“Energy storage is a prerequisite for the expansion of wind and solar power. Given that the storage is done predominantly with batteries, the question is what those batteries will be made from? Increased demand for lithium and cobalt could be an obstacle to this development,” says Rickard Arvidsson.

The major advantage of the technology is that the materials in the sodium-ion batteries are abundant and can be found all over the world. One electrode in the batteries – the cathode – has sodium ions as a charge carrier, and the other electrode – the anode – consists of hard carbon, which in one of the examples the Chalmers researchers have investigated can be produced from biomass from the forest industry. In terms of production processes and geopolitics, sodium-ion batteries are also an alternative that can accelerate the transition to a fossil-free society.
“Batteries based on abundant raw materials could reduce geopolitical risks and dependencies on specific regions, both for battery manufacturers and countries,” says Rickard Arvidsson.

More about the study

The study is a prospective life cycle assessment of two different sodium-ion battery cells where the environmental and resource impact is calculated from cradle to gate, i.e. from raw material extraction to the manufacture of a battery cell. The functional unit of the study is 1 kWh theoretical electricity storage capacity at the cell level.

Both types of battery cells are mainly based on abundant raw materials. The anode is made up of hard carbon from either bio-based lignin or fossil raw materials, and the cathode is made up of so-called “Prussian white” (consisting of sodium, iron, carbon, and nitrogen). The electrolyte contains a sodium salt. The production is modeled to correspond to a future, large-scale production. For example, the actual production of the battery cell is based on today’s large-scale production of lithium-ion batteries in gigafactories.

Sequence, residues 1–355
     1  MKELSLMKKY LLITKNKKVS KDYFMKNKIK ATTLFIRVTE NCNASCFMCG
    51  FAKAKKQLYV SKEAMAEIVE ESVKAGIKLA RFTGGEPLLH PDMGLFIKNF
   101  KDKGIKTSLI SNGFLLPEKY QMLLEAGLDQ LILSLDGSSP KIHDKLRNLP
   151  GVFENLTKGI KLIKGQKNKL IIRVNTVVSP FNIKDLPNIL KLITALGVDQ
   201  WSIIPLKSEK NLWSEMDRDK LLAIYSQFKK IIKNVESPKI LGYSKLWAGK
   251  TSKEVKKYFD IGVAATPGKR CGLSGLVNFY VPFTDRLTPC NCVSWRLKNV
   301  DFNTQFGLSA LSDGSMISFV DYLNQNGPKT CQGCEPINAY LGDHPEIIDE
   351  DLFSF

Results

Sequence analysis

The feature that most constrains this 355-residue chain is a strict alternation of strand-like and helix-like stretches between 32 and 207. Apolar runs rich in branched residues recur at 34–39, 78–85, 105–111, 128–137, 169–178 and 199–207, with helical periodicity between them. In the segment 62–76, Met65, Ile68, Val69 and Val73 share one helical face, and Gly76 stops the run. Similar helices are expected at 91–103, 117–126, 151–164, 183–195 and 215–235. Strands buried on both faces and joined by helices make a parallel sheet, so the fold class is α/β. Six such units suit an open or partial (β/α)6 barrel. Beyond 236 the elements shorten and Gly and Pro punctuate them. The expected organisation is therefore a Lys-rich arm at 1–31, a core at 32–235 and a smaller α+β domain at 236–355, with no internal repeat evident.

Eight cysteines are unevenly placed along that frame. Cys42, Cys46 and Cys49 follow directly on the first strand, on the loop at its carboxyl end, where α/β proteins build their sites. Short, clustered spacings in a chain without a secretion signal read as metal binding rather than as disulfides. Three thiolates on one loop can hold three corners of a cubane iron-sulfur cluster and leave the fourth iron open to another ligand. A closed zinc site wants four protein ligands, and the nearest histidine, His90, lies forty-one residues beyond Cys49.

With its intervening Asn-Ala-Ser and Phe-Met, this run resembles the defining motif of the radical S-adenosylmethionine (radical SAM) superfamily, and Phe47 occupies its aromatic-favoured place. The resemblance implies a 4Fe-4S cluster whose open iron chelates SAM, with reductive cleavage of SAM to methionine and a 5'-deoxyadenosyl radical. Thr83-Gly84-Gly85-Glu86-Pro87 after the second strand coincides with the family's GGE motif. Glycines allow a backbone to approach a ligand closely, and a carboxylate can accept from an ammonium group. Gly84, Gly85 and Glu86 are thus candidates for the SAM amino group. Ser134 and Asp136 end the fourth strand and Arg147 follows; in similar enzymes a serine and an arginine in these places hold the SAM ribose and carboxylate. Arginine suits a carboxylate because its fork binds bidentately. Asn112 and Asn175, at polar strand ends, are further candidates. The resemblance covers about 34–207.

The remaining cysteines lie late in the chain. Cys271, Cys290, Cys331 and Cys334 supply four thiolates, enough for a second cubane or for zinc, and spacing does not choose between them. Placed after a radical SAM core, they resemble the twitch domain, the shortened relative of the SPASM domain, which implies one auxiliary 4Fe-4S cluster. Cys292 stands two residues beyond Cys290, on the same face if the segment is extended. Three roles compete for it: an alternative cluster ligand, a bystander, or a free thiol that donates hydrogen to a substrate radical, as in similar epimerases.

Two different electricity mixes were tested, as well as two different types of so-called allocation methods – that is, allocation of resources and emissions. One where the climate and resource impact is distributed between coproducts based on mass, and one method where all impact is allocated to the main product (the sodium-ion battery and its components and materials).

Reference: “Prospective life cycle assessment of sodium-ion batteries made from abundant elements” by Sanna Wickerts, Rickard Arvidsson, Anders Nordelöf, Magdalena Svanström and Patrik Johansson, 13 November 2023, Journal of Industrial Ecology.
DOI: 10.1111/jiec.13452

The study was funded by the Swedish Energy Agency through the Battery Fund Program.

5 Comments on "Revolutionizing Renewables: How Sodium-Ion Batteries Are Changing the Game"

  1. Hottan Halotolerant | January 31, 2024 at 1:17 pm | Reply

    Green salt batteries, good news. We have lots of salt, and less lithium. It might make recycling the battery possible, where it’s not yet feasible with lithium batteries.

    I mostly wanted to say that the photo used, with a hand salting a tree for some reason, kills plants, and enough salt will kill that tree. Lithium probably wouldn’t, unless it’s a Tesla on Autopilot hitting the tree.

  2. Study: Salton Sea area could produce enough lithium for 375 million electric car batteries. The hot brine located in a vast underground reserve beneath the Salton Sea likely contains enough lithium to build batteries for 375 million electric vehicles, according to a new report released Tuesday

  3. Sodium batteries energy to weight ratio not as good as lithium. Charge cycle life not as good as lithium but better fire or explosion safety than lithium. Anyway batteries become perfect only in hybrid modes. The best hybrid mode is green hydrogen.

  4. Cheap and easy are two words that the automakers don’t want to hear, they want, bring it in and we’ll repair.

  5. Pls more information